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Sligo Jazz Project 2018: Days 3-4

James Fleming By

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The vocalists faced each other. Singing directly to their partner in voices that fit together as if they were tailored to. A brilliant staccato brass riff sparked the tune to life. Jolting and rocking the song through its form to a sharp, sudden, stop. In any one of the tracks performed that night there was more music than in most artists' careers. And the abrupt finish emphasised that point like a musical exclamation mark. There was no more to be said. The point had been proven.

But there was still the second set. And even if there was no doubt in anyone's mind as to the brilliance of Goldenhair, it was a pleasure just to hear the music come to life. To experience the animal in the wild.

William hummed over the drums' intro-beat. A rhythm he rode into the opening lines of "Why Have You Left Me Alone (I Hear An Army)." The piano spat louder chords between the gentler, subdued ones that supported his voice. And as the brass kicked in and the volume surged from piano to forte, Carroll's voice joined William's with enough strength to match the rest of the band by herself. While a heavy, anchoring bass line kept the band moored to this earth. Ensuring that the song's punchy physicality was not lost in translation.

A seven note horn riff ushered in Mike Nielsen Quartet's guitar solo. A tasty, inventive exploration beyond most players' comfort zone of the pentatonic scale. Incisive and pointed, his playing was a marked contrast against Linley Hamilton's. Where a trumpeter like Chet Baker could descend into emotionless depths of "cool," Hamilton wore his heart on his sleeve. And gave an unabashedly emotive, thrilling performance as a result.

"Cool" is a dangerous concept. To quest for cool is to beg for others' validation. To hide your own emotions and insecurities in plain sight. Rather than face up to and conquer them.

Instead of fighting the good fight to harness one's humanity, "cool" represses it. But that battle, that utilising of emotion, has birthed the great masterworks. From Picasso's paintings to Ginsberg's Howl to A Love Supreme, rather than crushing emotion those artists embraced it. And steered it down their individual roads to expression.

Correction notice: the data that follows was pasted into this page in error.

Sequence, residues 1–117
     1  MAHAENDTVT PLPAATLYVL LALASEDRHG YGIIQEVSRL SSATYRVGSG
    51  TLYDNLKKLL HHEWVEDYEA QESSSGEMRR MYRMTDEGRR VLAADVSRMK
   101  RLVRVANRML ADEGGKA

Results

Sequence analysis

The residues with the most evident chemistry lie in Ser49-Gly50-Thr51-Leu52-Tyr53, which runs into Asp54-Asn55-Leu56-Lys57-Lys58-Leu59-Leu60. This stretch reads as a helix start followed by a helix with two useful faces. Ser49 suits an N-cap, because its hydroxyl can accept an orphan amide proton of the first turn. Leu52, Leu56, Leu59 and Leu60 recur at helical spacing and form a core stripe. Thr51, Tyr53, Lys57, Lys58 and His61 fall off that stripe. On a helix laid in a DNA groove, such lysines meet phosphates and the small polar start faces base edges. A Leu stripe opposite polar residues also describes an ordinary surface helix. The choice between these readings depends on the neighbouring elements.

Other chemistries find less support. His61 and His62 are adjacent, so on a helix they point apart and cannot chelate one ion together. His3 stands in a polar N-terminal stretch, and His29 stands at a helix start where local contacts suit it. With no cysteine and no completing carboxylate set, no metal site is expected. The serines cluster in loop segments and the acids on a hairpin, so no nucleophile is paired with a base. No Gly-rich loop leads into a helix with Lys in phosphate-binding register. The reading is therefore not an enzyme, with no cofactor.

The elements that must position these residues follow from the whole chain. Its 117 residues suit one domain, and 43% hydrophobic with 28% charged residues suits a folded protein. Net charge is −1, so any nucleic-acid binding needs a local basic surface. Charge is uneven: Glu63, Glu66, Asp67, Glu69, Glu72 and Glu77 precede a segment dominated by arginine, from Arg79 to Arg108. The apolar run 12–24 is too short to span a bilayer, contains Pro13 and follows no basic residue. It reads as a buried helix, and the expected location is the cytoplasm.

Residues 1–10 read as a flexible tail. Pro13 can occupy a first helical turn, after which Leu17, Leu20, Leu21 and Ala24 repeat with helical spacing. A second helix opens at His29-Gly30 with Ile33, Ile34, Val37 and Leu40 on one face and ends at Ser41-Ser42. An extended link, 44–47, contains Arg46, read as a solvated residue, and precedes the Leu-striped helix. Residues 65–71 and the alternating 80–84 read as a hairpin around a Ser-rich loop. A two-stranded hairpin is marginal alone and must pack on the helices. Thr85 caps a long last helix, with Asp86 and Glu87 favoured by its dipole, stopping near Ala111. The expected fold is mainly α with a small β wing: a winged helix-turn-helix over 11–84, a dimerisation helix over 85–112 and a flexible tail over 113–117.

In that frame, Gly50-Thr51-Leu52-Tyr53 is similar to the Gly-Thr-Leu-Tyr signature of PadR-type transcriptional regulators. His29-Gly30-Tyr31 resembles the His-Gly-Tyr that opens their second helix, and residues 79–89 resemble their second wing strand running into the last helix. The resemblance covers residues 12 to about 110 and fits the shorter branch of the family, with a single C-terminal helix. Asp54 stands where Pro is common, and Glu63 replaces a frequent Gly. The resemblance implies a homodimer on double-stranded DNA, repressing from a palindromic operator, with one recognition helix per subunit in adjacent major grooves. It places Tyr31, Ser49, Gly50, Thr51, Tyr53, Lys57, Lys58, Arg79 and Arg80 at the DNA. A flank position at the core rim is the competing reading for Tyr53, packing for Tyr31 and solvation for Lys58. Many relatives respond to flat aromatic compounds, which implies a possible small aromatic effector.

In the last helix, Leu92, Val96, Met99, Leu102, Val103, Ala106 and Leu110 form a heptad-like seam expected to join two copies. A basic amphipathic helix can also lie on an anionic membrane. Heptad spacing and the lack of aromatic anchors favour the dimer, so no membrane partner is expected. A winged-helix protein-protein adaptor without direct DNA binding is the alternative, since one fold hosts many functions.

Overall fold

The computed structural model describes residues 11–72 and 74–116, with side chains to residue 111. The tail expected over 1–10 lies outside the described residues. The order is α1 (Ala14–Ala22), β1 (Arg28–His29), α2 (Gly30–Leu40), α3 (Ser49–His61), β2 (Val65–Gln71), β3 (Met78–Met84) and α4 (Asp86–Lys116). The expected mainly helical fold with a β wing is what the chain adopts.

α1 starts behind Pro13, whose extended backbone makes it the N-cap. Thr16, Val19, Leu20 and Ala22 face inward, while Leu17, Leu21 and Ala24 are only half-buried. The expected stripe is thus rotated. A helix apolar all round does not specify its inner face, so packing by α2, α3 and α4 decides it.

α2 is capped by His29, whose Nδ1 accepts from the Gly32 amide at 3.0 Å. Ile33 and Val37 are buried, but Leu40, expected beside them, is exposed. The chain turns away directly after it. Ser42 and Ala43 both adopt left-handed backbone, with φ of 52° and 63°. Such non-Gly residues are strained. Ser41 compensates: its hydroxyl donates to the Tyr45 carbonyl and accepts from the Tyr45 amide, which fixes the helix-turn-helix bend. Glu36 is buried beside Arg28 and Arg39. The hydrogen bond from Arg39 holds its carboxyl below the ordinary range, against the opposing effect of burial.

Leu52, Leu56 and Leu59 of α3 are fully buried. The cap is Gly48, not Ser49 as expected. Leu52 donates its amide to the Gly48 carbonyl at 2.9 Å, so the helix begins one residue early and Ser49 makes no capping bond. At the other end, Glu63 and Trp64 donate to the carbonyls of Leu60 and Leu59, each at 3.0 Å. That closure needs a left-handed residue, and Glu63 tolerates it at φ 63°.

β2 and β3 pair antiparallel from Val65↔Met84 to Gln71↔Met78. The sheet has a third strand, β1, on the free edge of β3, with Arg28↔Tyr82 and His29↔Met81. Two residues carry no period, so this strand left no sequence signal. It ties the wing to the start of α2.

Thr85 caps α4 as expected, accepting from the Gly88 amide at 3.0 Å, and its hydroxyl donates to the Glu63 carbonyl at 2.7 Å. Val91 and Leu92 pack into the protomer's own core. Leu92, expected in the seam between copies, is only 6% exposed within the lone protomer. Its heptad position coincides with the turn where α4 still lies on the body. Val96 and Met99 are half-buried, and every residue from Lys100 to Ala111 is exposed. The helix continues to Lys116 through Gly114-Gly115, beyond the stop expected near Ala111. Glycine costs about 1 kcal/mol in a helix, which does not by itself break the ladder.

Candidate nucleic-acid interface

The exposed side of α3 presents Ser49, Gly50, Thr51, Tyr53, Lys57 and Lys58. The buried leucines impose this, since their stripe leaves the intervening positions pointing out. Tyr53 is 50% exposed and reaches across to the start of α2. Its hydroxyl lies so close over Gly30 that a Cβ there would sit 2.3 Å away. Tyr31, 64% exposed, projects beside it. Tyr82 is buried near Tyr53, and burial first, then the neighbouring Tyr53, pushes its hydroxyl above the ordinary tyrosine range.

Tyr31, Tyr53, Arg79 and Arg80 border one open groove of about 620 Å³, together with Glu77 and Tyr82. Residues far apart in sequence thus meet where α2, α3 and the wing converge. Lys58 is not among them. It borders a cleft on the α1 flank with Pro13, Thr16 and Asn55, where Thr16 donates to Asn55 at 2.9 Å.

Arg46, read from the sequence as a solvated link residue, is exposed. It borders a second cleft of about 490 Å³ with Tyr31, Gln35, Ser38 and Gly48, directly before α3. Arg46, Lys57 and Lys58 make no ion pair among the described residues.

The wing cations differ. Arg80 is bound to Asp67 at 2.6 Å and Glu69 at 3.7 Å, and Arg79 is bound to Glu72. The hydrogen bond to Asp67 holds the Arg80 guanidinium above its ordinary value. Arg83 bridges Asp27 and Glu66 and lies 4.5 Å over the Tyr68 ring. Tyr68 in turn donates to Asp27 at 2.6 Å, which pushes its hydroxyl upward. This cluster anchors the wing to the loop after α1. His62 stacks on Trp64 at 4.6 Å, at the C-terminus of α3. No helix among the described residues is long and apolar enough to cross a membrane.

Just as Hamilton and his following virtuosos did in their solos. Paul Booth's return ended on a thrilling repeated R&B lick. A repetition that laid down the road for Shannon Barnett's trombone showcase to walk. Before she freed herself from its set direction to wander through faster runs, lithe as a cat. And when she ascended to the heavens on the root chord's back, she raised the audience up to the tune's peak. To the summit of Byrne's composition.

The band laid back through Matthew Halpin's more subdued solo. Moving through the angular introduction of Byrne's piano cadenza to his climactic, jarring, beautiful note. A note that signalled the drums' buildup into the final chorus. The song built up and up on the ride cymbal while Clarvis played a bass drum and a floor tom with his bare hands. Climbing, scaling, building, up until the vocals returned at the boiling point. Returned to sweep the Hawk's Well away with their spirited joyfulness.

Emotions are contagious. Infectious as any physical ailment. And the delight of the performers spread through the theatre's air. An exhilaration that was juxtaposed against the slow, Tom Waits-inspired "The Year Is Gathering." A song of old love and Autumn. One that's words lend themselves more to quiet melancholia than exuberance. But William carried both tune and lyric with confident enthusiasm. Driving the volume skyward before it dropped back to earth for a soft finale. An understated, artful close.

When Evans sang "dear heart why will you use me so?" on "Where Love Is," heartstrings broke. Her slight, assured melismas carried more than their weight in emotion. And when coupled with her faraway stare, the sore sadness of the song was unmistakeable. Joyce was a lonely young man when he wrote Chamber Music. A young adult who wandered the streets of Dublin longing for love. The words of "Where Love Is" are eloquent enough on the page. But in Byrne's adaptation, their impact is twice as strong. And in Evans's masterful hands their message cut to the core of the listener. The most calloused hides were pierced. The stoniest souls moved. So that when tears rolled down Evans's face at the song's end it was met with a flood of applause. A release of the built-up emotion in the stalls.


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